Evaluation of pathways and new host proteins involved in CD4 down-modulation during HIV-1 infection
© Landi et al; licensee BioMed Central Ltd. 2011
Published: 3 October 2011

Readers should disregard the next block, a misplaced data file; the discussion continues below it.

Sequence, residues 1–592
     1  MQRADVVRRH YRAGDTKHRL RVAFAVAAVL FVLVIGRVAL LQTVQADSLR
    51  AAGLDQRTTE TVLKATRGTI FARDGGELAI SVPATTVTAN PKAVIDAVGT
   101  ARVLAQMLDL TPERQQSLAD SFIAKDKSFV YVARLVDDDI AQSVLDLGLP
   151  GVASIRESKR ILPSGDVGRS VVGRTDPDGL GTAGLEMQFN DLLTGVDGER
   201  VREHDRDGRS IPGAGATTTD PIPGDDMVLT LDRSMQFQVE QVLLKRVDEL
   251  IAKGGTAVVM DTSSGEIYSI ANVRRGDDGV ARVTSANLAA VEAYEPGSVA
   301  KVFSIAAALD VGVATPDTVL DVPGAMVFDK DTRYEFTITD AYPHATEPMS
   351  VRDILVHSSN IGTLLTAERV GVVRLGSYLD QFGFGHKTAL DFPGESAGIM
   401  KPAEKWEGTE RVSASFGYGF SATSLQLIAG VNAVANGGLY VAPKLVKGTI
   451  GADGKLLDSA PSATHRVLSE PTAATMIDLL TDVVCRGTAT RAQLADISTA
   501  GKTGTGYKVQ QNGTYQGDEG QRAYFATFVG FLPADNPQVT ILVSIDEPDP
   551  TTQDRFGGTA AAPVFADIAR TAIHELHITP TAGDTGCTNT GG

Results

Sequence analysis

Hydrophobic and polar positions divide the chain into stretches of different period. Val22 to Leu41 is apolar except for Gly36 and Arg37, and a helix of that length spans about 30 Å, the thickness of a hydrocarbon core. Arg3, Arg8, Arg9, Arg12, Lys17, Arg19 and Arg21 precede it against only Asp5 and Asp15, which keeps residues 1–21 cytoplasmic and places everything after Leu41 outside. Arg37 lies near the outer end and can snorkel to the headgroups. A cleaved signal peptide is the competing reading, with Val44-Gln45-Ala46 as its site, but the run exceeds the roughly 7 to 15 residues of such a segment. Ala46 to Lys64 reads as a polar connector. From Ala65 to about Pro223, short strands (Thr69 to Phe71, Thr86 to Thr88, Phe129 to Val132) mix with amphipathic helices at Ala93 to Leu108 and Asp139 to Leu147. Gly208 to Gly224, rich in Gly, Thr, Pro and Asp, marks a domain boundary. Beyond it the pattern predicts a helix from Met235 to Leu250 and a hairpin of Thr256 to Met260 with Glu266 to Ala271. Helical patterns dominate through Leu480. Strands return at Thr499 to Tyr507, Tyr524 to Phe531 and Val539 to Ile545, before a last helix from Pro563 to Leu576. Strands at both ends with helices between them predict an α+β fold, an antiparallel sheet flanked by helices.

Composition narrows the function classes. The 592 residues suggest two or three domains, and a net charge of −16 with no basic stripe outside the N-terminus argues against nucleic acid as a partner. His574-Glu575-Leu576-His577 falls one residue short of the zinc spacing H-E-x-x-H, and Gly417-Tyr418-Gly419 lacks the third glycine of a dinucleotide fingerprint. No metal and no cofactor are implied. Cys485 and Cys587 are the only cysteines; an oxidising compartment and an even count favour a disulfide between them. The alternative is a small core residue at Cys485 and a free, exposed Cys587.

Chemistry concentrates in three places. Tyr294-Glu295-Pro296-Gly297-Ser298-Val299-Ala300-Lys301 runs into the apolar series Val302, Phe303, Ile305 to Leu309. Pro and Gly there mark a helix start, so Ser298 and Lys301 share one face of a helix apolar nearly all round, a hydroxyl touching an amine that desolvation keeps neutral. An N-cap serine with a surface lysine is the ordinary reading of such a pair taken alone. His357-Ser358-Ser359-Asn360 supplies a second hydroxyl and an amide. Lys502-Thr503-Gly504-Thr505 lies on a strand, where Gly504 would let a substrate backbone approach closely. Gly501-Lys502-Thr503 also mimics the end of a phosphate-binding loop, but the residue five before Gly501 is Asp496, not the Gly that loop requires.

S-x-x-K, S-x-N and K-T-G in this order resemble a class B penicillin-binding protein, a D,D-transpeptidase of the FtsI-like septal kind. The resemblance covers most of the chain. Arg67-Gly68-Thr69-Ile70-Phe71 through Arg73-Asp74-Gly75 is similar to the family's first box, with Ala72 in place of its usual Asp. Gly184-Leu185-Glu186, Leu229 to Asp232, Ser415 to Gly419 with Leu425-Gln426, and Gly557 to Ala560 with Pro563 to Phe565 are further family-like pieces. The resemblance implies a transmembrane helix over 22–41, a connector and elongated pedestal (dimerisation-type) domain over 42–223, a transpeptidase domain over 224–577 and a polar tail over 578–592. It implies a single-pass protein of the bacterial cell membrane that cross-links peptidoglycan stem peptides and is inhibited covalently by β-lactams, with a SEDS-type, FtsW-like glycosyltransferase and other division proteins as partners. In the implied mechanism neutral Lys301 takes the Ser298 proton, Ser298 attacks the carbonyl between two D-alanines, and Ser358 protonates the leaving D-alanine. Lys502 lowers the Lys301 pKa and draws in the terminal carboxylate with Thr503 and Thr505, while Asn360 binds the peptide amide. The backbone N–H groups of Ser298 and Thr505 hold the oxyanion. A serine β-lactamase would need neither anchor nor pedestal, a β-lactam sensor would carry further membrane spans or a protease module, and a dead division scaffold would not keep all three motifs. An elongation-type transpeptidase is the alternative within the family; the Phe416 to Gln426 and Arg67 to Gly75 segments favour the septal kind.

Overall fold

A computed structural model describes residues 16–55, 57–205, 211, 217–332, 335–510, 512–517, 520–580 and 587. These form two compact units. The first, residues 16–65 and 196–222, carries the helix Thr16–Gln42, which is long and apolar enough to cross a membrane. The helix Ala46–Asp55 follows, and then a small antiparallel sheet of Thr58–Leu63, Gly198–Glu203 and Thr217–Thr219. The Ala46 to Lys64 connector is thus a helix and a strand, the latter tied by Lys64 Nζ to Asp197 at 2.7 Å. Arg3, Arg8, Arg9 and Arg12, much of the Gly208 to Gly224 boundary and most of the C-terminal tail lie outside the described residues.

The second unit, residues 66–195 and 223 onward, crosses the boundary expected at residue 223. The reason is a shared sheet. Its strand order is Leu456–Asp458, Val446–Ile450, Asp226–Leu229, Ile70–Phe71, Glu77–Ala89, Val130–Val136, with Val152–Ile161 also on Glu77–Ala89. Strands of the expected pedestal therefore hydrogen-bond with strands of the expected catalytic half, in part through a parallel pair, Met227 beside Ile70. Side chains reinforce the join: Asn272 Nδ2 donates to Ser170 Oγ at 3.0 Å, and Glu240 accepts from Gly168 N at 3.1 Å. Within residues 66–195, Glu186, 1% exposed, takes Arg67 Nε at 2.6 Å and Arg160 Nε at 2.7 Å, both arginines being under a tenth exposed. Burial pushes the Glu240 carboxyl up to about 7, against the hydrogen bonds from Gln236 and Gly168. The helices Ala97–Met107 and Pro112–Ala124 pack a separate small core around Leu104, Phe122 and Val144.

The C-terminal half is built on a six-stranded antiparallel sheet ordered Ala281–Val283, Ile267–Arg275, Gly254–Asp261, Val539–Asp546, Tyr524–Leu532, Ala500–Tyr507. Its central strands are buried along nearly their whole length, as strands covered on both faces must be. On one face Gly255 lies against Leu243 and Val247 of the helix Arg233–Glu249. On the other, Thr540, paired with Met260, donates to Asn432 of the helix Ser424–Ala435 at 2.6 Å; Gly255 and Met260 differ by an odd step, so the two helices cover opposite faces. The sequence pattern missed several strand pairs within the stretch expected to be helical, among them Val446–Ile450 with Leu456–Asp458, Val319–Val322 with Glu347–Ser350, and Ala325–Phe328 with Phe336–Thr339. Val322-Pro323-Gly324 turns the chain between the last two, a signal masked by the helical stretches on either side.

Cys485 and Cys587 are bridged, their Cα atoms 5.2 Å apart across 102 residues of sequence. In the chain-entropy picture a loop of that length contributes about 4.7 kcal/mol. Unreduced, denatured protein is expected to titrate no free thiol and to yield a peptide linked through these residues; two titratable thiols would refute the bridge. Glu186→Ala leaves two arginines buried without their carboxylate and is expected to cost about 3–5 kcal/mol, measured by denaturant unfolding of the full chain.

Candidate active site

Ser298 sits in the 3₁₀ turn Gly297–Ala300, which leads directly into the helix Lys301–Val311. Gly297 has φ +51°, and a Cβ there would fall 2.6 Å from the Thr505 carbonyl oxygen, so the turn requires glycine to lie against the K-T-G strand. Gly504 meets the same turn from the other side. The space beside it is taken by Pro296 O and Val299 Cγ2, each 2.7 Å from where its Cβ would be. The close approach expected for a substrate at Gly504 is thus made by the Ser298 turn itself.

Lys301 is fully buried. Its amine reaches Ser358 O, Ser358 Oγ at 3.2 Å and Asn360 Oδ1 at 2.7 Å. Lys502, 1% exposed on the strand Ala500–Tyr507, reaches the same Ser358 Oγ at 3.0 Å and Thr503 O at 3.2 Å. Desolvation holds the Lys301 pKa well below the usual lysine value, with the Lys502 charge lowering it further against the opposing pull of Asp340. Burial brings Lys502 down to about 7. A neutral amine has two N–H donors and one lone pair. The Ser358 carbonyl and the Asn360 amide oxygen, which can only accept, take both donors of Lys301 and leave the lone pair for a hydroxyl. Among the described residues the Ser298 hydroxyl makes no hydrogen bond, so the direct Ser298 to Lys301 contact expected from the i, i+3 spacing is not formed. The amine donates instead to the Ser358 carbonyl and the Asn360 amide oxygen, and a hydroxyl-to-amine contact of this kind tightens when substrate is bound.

Down-modulation of the CD4 receptor expressed on T cells is one of the hallmarks of Human Immunodeficiency Virus (HIV) infection and it is believed to confer to the virus a selective replicative advantage in vivo. HIV has evolved redundant mechanisms to remove the receptor from the cell surface and accelerate its degradation. This process is mainly mediated by three viral proteins: Vpu, Env and Nef. Up to date, the mechanisms that lead to CD4 depletion from the surface of CD4+ T lymphocytes, the natural targets of HIV, are still poorly understood and only partially characterized. We are interested in the discovery of pathways and human proteins involved in the process, in order to eventually find potential new drug targets. To pursue our aim, we first performed a functional screening on HeLa CD4+ cells expressing Nef, using a shRNA lentiviral interference delivery system targeting the whole human genome compatible with an Affymetrix GeneChip Microarray. The read out was the rescue of the CD4 high phenotype, despite Nef expression. The results were analyzed with Affymetrix Expression Console 1.1 software and the web-based gene ontology resource DAVID. After four different screens we obtained a final list of 75 genes enriched in the cells sorted for high surface CD4. These genes appear to code for proteins involved in endocytic trafficking, trans-Golgi trafficking and lysosomal degradation pathways. We decided to validate our hits in primary blood CD4+ T cells, the most relevant for this kind of studies, and we set up a protocol for the transduction of these cells with lentiviral and retroviral vectors, necessary respectively for the expression of the shRN As and the viral proteins Vpu, Nef and Env. The actual down-regulation of the gene expression will be validated via quantitative Real Time PCR and Western Blot and the experiments will be eventually repeated in the context of HIV-1 infection.
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